I am formulating my upcoming project (29 A roadster) and have been trying to determine the proper period for the car. I plan to run a Nailhead because I dig the looks and the torque. The year of the engine pushes me up to the late 50's at the absolute earliest. I generally like the late 50's/early 60's aesthetic as long as it doesn't go to far into the wild show-car look. But looking at these photos I'm amazed at how drasticly this particular car changed in under 4 years. Just from these few pictures I see the following changes: carbeuration setup, white walls, fenders, hairpins, headlights, windshield, and exhaust. Did the design trends really change that fast in those 4 years?

    I've got to say I like the earlier version more. It looks damn tough. I'm looking to combine a early 50's aesthetic (or at least a no-nonsense one)with my power plant of choice. Is there a way to gracefully blend what appears to be a mish-mash of periods. What IS the correct period for a Nailhead in a model A? If the correct period is the 60's, are there any good examples of no-nonsense (but streetable) model A's from the 60s? Most of what I see are show cars from that period. I want look of the car to be coherant.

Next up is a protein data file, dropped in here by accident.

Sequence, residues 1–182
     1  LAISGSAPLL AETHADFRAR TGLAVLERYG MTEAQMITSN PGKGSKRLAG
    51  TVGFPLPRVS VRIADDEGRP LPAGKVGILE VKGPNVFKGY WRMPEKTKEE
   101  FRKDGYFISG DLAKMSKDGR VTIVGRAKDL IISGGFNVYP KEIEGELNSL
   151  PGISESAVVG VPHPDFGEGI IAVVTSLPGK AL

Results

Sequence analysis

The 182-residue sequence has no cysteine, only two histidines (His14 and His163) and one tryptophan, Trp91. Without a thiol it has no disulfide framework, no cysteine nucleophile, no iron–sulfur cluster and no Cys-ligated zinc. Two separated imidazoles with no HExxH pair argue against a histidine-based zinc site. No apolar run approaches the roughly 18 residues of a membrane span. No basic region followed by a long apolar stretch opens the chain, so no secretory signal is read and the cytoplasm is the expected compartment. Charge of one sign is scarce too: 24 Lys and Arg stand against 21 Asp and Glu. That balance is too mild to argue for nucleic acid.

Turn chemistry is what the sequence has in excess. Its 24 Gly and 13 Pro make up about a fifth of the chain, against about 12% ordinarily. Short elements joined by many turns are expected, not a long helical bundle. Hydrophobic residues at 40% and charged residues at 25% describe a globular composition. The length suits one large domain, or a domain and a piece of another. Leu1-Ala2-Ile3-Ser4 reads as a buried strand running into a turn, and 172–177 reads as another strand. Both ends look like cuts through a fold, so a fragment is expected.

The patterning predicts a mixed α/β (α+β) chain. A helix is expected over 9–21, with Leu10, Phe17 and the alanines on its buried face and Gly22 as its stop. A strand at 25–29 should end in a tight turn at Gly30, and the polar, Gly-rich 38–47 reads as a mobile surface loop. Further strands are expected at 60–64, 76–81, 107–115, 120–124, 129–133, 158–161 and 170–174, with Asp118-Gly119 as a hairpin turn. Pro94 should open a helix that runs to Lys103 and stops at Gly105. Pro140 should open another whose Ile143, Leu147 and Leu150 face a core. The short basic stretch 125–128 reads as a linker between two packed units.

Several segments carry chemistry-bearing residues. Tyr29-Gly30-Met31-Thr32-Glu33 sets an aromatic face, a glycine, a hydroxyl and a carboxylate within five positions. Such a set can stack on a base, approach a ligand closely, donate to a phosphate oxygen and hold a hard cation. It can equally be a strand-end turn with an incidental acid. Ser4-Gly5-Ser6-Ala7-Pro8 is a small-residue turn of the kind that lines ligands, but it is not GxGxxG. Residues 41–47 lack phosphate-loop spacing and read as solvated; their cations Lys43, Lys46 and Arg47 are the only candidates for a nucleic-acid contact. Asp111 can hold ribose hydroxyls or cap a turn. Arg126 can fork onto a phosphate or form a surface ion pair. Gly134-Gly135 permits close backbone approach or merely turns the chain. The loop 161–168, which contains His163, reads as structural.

Thanks in advance for any guidance.
    Cory
    Last edited: Jul 13, 2012
  11. -Brent-
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    -Brent- Member

    I like the earlier version best, too. The fenders on the restored version bug me. The cycle fenders on the '58 version look rounded unlike the trailer looking ones on the update.

    However, overall, a timeless (and awesome) custom hot rod.
  12. Don's Hot Rods
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    Don's Hot Rods Member

  13. need louvers ?
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    Thank you Jimmy B!